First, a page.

Road Crew

Thursday, January 4, 2018

Hawaii

Normal people go to a tropical island with an agenda that goes something like this:
 1) sleep in
2) walk hand in hand on beach
3) have fruity umbrella drink
4) get a tan
           
            But I am not the usual sort and managed to avoid most of it.
            The first step to accomplishing this is to skip taking your romantic partner and take your parents instead.  In the company of my parents, trips are decidedly more upscale than my usual trips to a national park.  There were no campers involved and I didn’t have a single peanut butter sandwich the whole trip.  The other upside is that they are super helpful.  I have them so well trained that they think it is actually normal to drop their daughter off and wait around until they find her miles later.  The only drawback is their navigational skills.  First mom lost the park map then dad found us a replacement printed in German.  Lesson learned: dad is no longer fluent in German.
            The second step is to avoid the beach all together. As it turns out, volcanoes are quite tall and just like on the mainland, the higher your go, the colder it gets.  Foolishly believing that I was going to a tropical island, I did not consider the effects of altitude in my packing.  While most people take home a bit more tropical attire, my souvenir was a hooded sweatshirt that I lived in for the week to ward off the cold.
            Volcanoes National Park did not disappoint and graciously put on a nice show for us.  Watching that thing spit and glow really makes you think, why on earth would anyone dare to live here?  As it turns out, lava does not flow nearly as fast as it does in the movies, I’m sure giving everyone a very false sense of reassurance that there will be plenty of time to round up grandma before evacuating. 
            Instead of sand between our toes and waves lapping at our ankles, we chose to ambulate across grossly uneven, disorienting terrain in order to see lava up close.  First bike 4 miles on a gravel road and hike two more miles to an unknown destination across miles and miles of black rock.  If you feel a sudden blast of heat, look for orange and don’t step in it.  That is basically how you find “fresh” lava in a lava field.  In case that isn’t challenging enough, try this in the dark.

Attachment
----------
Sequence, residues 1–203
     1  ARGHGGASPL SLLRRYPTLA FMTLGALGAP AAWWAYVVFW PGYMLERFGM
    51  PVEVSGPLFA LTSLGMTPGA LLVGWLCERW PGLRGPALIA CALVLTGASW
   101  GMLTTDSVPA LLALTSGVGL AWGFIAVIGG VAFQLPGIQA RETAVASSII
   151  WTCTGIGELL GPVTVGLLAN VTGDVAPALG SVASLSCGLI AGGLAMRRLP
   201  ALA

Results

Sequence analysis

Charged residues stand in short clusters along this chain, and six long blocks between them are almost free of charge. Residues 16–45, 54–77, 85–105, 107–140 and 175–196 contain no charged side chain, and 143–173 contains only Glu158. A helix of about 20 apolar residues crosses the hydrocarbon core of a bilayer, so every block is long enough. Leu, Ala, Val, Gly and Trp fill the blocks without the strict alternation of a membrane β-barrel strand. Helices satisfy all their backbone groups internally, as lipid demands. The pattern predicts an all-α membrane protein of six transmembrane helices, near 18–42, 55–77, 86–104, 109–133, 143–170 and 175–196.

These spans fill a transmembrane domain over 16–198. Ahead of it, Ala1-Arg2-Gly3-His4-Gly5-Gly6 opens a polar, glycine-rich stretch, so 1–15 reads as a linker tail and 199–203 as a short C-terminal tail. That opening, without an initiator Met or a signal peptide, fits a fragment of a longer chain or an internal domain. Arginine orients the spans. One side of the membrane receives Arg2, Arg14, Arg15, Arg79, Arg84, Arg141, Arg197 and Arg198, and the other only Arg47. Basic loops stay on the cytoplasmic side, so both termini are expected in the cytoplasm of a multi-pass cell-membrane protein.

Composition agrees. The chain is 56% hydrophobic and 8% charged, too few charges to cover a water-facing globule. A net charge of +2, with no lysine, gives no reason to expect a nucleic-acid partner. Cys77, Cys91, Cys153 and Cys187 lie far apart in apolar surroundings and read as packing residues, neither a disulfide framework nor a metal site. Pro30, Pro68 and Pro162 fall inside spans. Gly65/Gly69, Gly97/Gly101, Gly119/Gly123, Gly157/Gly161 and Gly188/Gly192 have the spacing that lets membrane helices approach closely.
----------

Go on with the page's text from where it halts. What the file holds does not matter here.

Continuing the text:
For part two, we moved to Maui.  Once again, we skipped the beach and headed straight up the mountain to see Haleakala National Park.  This protects the caldera of an ancient volcano that made much of Maui.  While visitors are encouraged to appreciate the rare silversword plant and nene bird, what people literally line up for is sunrise.  This once again defying the purpose of going to a tropical island, this errand required a 3:30 wake up call to stand around shivering in the cold at nearly 10,000ft while waiting for the sun to come up.  Ultimately, this is a bit like watching water boil, tedious but totally worth it in the end.
            With the rising sun we were finally free to explore the beach, but once again, we skipped the beach and headed straight for the water with the primary intention to see sea turtles.  While standing on the shore I could see the damn things poking their heads up taunting me to come find them, but they proved to be elusive in the silty, turning water.  Yet again Hawaii, I was reduced to shivers and retreated to dry ground searching for my now well-worn sweatshirt.  The second attempt was aided by a wetsuit that obviated the need for sunscreen, continuing the trend of bucking the typical tropical agenda.  Once again, there was failure to find a sea turtle but any disappointment I had was diminished by the presence of horny whales.  Testosterone can drive men to do some crazy shit but when it fuels 25 tons of humpback whale, it results in an impressive water show. 
            Altogether a successful trip accomplishing all we set out to do. Fortunately, there are plenty of reasons to go back to Hawaii.  First thing I would do?  Get a fruity umbrella drink.



Thursday, August 31, 2017

Redneck Riviera of the North

Not every park is turns out to be what I envisioned and Voyageurs is one of those places.  While most refer to the area as the “boundary waters area”, it is a separately designated area encompassing four large lakes.  It is described as a “water based park” and indeed, that is an accurate description.  One could not walk into the park boundaries without getting your feet wet.  Even the parts of the park that are on “dry land” are quite soggy.  You are encouraged to view the area from appropriately selected water craft based on your needs and interests.  With this, I envisioned gentle paddling around a lake in a canoe and fisherman quietly slumbering over their pole while waiting for a bite.

That isn’t exactly what I discovered.